One of my goals on 43 Things is “Buy local eggs.” When Brady, our Australian Cattle Dog, was taking regular herding lessons in Wasilla, we had a source of flavorful, farm-fresh eggs. Every Saturday morning I loaded Brady, myself, and our “empties” in the car, and several hours later I arrived back home with a tired pup, an exhausted me, and a few dozen eggs.
The local egg-producer in Girdwood is very small-scale, and doesn’t produce enough eggs to supply my fridge regularly.
On my last trip to Natural Pantry, I decided to explore the sign that said, “Local Eggs.” My investigation led me to what was, hands down, the most beautiful egg carton I’ve ever seen.
The eggs are from the Tranquility Heights Farm in Palmer, from chickens raised by a member of the “Wolverine Farm” family. I know it’s irrational, but just holding the carton made me feel more tranquil.
The locavore movement often brings together people with wildly disparate world views. In this case, a non-theistic, gay Unitarian bought eggs from a farm whose blog shouts, “Four Generations Growing Food for God’s Glory.”
At the height of the culture wars, everyone thought that boycotts were the solution. Spot a homophobe? Boycott their business. Disney perceived as gay-friendly? If you’re a Christian, you won’t go to Disneyland.
Now something has shifted. Both sides are shifting from a separatist stance to one of engagement. Instead of boycotts, left and right are beginning to use strategies such as conversation and relationship.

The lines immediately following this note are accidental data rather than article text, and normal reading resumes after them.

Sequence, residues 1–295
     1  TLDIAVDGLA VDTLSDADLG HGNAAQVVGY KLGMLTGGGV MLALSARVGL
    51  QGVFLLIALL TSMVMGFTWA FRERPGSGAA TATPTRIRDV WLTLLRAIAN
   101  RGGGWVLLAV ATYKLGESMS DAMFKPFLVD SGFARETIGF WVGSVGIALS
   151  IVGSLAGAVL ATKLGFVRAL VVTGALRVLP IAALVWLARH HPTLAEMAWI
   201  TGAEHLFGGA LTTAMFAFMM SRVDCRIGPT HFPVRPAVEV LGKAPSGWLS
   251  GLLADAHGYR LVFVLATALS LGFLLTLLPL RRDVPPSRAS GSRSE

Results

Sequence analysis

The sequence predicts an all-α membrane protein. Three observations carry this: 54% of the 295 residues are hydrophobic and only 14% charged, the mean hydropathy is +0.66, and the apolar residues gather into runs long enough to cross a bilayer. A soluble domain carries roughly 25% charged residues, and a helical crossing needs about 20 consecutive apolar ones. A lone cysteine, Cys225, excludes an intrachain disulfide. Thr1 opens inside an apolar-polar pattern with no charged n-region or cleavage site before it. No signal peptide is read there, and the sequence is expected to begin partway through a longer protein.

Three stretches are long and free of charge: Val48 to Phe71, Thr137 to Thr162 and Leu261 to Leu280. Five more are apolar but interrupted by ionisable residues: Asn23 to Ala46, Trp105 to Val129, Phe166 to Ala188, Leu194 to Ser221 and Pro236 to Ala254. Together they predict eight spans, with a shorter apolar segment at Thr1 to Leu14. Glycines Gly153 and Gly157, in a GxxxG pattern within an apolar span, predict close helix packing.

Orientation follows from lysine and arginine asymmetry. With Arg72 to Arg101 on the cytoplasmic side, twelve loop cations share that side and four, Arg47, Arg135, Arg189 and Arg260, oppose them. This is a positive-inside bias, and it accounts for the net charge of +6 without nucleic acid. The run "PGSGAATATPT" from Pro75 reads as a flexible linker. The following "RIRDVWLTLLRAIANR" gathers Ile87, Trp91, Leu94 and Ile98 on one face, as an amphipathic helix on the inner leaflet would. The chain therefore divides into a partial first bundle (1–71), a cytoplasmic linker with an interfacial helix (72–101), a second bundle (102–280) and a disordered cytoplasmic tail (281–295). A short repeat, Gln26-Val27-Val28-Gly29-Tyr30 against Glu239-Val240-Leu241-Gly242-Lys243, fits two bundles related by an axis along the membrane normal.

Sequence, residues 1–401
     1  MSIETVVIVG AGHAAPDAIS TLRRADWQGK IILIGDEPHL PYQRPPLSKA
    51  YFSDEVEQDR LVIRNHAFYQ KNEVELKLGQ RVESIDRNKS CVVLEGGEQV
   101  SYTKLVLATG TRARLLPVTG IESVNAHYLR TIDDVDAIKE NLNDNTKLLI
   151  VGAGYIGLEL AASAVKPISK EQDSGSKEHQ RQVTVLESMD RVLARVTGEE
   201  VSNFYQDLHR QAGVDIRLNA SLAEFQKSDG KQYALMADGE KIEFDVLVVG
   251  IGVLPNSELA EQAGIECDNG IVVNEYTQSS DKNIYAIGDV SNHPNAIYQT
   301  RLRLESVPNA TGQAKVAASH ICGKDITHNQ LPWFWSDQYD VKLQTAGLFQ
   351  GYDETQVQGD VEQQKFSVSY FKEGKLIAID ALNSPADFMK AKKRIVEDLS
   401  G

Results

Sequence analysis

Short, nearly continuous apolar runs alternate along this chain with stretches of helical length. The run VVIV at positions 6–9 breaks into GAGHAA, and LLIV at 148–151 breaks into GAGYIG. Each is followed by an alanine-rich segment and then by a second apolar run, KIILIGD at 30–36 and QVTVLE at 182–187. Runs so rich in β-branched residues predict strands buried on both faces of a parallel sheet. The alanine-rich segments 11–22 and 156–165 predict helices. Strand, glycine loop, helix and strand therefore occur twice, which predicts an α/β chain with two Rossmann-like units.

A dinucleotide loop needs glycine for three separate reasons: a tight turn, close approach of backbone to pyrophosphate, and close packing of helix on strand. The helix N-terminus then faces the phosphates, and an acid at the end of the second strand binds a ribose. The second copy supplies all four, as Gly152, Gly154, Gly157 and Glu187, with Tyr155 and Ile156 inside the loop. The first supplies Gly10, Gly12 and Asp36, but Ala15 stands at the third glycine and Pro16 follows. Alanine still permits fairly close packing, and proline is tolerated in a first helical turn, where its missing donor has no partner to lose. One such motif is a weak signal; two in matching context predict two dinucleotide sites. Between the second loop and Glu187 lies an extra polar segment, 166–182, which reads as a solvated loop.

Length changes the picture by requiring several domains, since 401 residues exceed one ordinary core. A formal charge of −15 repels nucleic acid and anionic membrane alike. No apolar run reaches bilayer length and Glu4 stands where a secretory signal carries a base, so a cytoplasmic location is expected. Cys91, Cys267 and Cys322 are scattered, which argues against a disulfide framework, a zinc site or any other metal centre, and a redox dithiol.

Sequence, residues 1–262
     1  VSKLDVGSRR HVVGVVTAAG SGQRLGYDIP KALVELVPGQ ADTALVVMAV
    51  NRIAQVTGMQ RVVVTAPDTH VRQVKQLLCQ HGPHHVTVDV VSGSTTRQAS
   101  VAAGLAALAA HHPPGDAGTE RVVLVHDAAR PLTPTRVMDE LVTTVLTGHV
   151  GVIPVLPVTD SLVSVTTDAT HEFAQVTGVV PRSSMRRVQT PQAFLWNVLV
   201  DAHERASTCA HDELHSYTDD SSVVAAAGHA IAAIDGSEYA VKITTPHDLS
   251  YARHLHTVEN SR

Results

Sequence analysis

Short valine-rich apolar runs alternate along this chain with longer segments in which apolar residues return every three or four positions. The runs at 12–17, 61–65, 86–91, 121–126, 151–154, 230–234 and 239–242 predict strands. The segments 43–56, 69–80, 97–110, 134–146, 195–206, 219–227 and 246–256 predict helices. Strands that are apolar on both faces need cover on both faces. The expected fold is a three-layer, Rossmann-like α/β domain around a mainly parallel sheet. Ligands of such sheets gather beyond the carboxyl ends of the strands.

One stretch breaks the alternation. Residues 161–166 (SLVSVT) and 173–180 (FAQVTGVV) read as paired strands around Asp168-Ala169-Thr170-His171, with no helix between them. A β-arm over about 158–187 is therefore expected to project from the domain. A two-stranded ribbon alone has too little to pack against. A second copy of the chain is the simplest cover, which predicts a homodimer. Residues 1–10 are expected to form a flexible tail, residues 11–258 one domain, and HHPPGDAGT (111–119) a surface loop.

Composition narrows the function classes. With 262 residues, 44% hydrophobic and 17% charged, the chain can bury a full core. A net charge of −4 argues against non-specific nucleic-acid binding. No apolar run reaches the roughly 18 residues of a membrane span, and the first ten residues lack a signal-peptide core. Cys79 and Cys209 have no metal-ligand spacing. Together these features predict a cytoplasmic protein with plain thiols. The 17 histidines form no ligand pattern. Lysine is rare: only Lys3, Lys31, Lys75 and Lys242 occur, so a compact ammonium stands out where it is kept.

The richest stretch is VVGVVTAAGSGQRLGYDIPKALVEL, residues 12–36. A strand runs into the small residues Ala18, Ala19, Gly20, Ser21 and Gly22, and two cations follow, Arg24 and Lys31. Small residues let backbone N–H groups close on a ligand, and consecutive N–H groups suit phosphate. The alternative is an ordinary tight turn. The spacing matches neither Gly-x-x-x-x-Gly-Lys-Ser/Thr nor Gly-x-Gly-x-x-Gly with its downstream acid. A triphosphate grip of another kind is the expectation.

I’m not sure how this shift began. In my case, having a neutral issue (sustainable food) that both left and right care about has encouraged my transition from confrontation to conversation. I’m pretty sure I could have a rip-roaring argument with the farmer who sells pork at the Anchorage Farmers’ Market. But I want to buy a half-hog from him, so I practice restraint about our differences, and connect with him on common ground.
One of the rallying cries of the locavore movement is, “Know your farmer.” I will probably keep looking for a reliable source of local eggs, but not because the farmer at Tranquility Heights has a different perspective. I have questions for her. I want to know how she raises her chickens, and what she thinks about organic feed, and what breed of chickens she raises. I want to know her, and be known by her. I want us to learn to trust each other, and we can’t do that as long as our relationship is mediated by the refrigerated section at Natural Pantry.